Aldis Hodge: “She’s fantastic. She really is fantastic. I mean, everybody knows that she is a pro, but what I like to see when it comes to actors and actresses of her status…I love to see that they’re still excited and interested. And that, she very much is. She’s been on this project for years, I think 2 or 3 years before. And she really was dedicated fully. And that’s what I love to see, the respect. Regardless of all the accolades and what not, they still respect the process and they’re still there to learn which is what teaches me. We’d run scenes together and she would allow me the space to do what I had to do and try to figure myself out. And it helps so much to have someone who is basically on the same page of, we gotta get this work done, let’s get it. It’s not about her, it’s not about me, it’s just, let’s get to work. That’s where you see teamwork happen on screen.”
The Knockturnal: What type of research did you conduct for the film’s purpose? Did any of that change your way of thinking?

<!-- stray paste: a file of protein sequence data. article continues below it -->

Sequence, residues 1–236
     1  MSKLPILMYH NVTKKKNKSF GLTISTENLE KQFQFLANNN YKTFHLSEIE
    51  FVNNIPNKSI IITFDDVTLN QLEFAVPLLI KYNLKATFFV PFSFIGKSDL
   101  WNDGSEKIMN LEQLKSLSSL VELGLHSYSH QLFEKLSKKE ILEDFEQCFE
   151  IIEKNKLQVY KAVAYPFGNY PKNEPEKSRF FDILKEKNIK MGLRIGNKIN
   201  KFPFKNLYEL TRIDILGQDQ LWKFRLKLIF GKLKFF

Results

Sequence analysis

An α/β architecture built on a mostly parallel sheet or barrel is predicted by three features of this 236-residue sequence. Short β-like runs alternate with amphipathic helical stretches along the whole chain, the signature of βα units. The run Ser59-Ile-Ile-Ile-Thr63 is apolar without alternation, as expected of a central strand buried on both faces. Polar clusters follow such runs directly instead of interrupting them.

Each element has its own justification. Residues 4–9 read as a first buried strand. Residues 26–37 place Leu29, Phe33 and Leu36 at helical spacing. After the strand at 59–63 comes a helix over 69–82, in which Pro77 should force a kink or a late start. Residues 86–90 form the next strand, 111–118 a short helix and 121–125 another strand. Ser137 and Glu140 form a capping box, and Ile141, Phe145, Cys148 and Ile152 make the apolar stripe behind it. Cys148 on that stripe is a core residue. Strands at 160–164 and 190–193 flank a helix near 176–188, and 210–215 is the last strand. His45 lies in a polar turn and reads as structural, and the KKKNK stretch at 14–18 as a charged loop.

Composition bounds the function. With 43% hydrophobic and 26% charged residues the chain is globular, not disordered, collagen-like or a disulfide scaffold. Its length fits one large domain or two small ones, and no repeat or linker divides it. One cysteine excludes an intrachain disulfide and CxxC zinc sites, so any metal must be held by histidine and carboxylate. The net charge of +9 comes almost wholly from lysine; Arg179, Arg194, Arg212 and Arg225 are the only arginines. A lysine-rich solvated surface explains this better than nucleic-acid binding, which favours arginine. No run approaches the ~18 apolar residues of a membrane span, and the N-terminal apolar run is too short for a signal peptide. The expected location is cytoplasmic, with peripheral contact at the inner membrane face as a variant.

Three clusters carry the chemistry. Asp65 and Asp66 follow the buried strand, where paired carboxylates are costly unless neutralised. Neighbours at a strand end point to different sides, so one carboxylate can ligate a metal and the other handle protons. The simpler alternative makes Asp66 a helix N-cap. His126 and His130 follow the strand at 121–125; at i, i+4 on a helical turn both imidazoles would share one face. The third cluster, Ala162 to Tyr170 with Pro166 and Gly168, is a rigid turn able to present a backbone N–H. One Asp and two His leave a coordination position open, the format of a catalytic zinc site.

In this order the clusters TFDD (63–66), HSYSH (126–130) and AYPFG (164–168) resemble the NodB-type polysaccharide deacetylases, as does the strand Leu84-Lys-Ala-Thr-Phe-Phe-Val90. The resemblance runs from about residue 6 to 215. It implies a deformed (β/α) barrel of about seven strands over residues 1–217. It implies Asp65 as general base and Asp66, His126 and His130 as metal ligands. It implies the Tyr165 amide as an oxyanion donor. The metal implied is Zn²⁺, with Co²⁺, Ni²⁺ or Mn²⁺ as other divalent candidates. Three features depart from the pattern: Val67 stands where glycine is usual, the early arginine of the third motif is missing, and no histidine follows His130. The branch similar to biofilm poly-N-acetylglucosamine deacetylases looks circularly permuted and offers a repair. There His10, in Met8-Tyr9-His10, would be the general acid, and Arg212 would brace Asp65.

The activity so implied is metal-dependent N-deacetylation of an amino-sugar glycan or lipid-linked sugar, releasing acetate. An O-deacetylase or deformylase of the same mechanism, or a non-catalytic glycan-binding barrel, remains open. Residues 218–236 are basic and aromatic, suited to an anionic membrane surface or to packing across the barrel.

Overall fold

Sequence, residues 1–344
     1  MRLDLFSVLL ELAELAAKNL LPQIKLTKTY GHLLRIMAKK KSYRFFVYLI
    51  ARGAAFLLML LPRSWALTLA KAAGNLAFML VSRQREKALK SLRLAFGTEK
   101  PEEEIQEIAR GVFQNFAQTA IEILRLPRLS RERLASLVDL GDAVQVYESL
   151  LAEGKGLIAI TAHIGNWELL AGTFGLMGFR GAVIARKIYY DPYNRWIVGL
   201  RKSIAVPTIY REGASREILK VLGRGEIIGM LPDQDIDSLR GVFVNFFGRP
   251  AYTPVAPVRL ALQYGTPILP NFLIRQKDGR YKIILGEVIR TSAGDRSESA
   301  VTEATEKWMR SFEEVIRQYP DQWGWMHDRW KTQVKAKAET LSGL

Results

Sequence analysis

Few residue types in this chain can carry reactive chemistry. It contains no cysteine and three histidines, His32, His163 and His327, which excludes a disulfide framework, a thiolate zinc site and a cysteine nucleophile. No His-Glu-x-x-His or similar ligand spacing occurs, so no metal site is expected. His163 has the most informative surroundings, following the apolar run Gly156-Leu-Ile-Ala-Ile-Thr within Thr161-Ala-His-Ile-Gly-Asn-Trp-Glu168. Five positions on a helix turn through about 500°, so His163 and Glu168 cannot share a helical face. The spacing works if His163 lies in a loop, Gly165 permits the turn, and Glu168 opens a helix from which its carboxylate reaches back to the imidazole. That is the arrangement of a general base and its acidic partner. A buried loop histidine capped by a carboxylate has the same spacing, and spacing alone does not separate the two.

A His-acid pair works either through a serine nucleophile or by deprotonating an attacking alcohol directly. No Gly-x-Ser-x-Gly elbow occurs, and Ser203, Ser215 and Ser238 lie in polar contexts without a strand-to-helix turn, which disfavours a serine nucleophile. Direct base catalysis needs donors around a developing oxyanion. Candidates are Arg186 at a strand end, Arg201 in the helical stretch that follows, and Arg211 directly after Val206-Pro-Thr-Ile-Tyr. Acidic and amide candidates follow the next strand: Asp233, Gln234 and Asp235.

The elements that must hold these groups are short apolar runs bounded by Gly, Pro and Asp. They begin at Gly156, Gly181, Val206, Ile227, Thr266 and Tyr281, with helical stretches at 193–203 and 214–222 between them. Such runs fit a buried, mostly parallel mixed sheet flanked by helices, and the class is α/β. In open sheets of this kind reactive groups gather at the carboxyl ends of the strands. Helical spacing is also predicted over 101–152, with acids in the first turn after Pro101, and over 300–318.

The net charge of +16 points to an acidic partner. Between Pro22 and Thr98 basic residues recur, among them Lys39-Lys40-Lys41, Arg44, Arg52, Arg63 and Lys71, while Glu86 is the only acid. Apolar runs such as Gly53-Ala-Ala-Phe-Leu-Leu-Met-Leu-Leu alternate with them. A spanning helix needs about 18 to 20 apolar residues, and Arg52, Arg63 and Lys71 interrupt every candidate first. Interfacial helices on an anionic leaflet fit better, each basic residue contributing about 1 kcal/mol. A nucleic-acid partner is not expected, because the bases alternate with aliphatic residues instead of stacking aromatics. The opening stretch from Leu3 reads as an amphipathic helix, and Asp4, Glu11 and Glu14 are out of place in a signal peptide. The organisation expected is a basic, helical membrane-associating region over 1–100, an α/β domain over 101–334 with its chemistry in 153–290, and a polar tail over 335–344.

Chinonye Chukwu: “I spent about four and a half years researching for the film. That included secondary research like talking to a lot of wardens and other correction officials and lawyers and people who are incarcerated — a man who was incarcerated on death row for 28 years before he was exonerated. But then I moved to Ohio and volunteered for a clemency case for a woman named Tyra Patterson, who was released a little over a year ago. I also volunteered for about 13 other clemency cases for women serving life sentences for defending themselves against their abusers. I created a film program in a women’s prison where I taught women who were incarcerated how to make their own short films and scripts. All of that informed my understanding of this space and the lives that are contained in it. And a lot of the people who I am in contact with and worked with, read the script and gave me meticulous feedback so everything just kind of played into one another. The research and making this film has really expanded my capacity for compassion for empathy and for seeing people’s humanity and not defining them by their worst acts.”